Noah’s Ark is one of the most popular stories in the Bible, and it has been taken to the big screen in films like Noah and Evan Almighty.
Now, what if that situation were to take place in the U.S. nowadays? If Noah had been American and lived in the U.S. today, the worldwide known story might have gone something like this:
And the Lord spoke to Noah and said, “In one year, I am going to make it rain and cover the whole earth with water until all flesh is destroyed. But I want you to save the righteous people and two of every kind of living thing on earth. Therefore, I am commanding you to build an Ark.”
In a flash of lightning, God sent the plans of the Ark. Even though he was afraid, Noah took the plans and agreed to build the ark. “Remember,” said the Lord, “you must complete the Ark and bring everything aboard in one year.”
Exactly one year later, fierce storm clouds covered the earth and all the seas of the earth went into a tumult. The Lord saw that Noah was sitting in his front yard weeping. “Noah!” He shouted. “Where is the Ark?”
“Lord, please forgive me,” cried Noah. “I did my best, but there were big problems.
First, I had to get a permit for construction, and your plans did not meet the building codes. I had to hire an engineering firm and redraw the plans. Then I got into a fight with OSHA over whether or not the Ark needed a sprinkler system and approved floatation devices. Then, my neighbor objected, claiming I was violating zoning ordinances by building the Ark in my front yard, so I had to get a variance from the city planning commission.
Then, I had problems getting enough wood for the Ark, because there was a ban on cutting trees to protect the Spotted Owl. I finally convinced the U.S. Forest Service that I really needed the wood to save the owls. However, the Fish and Wildlife Service won’t let me take the 2 owls.
The carpenters formed a union and went on strike. I had to negotiate a settlement with the National Labor Relations Board before anyone would pick up a saw or hammer. Now, I have 16 carpenters on the Ark, but still no owls.
When I started rounding up the other animals, an animal rights group sued me. They objected to me taking only two of each kind aboard. This suit is pending.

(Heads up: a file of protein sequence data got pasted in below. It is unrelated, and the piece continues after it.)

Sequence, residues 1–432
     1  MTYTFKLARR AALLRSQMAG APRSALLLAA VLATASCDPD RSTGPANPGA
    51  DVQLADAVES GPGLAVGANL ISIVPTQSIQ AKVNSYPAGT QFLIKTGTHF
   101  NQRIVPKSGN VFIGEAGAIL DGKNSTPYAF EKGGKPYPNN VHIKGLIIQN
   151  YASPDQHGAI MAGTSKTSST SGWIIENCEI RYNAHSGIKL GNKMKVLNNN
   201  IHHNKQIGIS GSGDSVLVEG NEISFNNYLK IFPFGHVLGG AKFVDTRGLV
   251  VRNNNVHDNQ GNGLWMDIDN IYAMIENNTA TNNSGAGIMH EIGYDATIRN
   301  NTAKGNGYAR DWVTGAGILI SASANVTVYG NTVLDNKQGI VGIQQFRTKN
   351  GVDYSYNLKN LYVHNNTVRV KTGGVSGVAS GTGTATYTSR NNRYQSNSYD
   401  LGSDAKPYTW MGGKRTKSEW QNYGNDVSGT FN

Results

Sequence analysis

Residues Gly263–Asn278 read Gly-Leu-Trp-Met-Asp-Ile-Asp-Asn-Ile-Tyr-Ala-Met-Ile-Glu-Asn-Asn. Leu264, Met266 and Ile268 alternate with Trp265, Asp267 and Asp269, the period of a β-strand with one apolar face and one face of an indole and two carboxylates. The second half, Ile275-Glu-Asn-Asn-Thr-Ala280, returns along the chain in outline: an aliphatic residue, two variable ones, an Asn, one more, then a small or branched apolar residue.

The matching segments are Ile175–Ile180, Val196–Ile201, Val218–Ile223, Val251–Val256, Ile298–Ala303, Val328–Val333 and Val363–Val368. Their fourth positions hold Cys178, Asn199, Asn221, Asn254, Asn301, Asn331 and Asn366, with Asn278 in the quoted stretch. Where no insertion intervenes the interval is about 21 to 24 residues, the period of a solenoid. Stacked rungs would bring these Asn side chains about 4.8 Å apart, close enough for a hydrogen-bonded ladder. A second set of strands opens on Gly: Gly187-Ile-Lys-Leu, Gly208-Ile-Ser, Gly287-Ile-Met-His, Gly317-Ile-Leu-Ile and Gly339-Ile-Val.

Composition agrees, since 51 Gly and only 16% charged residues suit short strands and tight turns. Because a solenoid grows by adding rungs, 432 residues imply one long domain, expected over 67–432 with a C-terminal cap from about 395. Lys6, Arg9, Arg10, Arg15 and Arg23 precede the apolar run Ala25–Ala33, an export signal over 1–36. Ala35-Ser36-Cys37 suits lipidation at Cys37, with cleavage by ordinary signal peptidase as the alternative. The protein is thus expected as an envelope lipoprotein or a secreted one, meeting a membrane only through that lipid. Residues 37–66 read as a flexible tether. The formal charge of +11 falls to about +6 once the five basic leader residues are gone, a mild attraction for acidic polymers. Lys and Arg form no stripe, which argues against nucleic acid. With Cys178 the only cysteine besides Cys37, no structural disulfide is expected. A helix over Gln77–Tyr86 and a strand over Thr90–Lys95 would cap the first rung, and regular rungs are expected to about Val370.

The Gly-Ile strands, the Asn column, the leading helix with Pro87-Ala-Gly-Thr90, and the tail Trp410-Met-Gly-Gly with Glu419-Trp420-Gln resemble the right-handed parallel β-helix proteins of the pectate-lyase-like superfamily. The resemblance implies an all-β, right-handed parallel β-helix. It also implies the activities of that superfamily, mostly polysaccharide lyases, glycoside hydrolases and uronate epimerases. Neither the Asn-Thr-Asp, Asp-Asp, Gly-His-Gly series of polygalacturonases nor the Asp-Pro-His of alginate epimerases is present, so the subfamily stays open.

Meanwhile, the EPA notified me that I could not complete the Ark without filing an environmental impact statement on your proposed flood. They didn’t take very kindly to the idea that they had no jurisdiction over the conduct of the Creator of the Universe.
Then, the Army Corps of Engineers demanded a map of the proposed floodplain. I sent them a globe.
Right now, I am trying to resolve a complaint filed with the Equal Employment Opportunity Commission that I am practicing discrimination by not taking atheists aboard.
The IRS has seized my assets, claiming that I’m building the Ark in preparation to flee the country to avoid paying taxes. I just got a notice from the state that I owe them some kind of user tax and failed to register the Ark as a ‘recreational water craft.’
And finally, the ACLU got the courts to issue an injunction against further construction of the Ark, saying that since God is flooding the earth, it’s a religious event, and, therefore unconstitutional. I really don’t think I can finish the Ark for another five or six years.”
Noah waited. The sky began to clear, the sun began to shine, and the seas began to calm. A rainbow arched across the sky. Noah looked up hopefully. “You mean you’re not going to destroy the earth, Lord?”
“No,” He said sadly. “I don’t have to. The government already has.”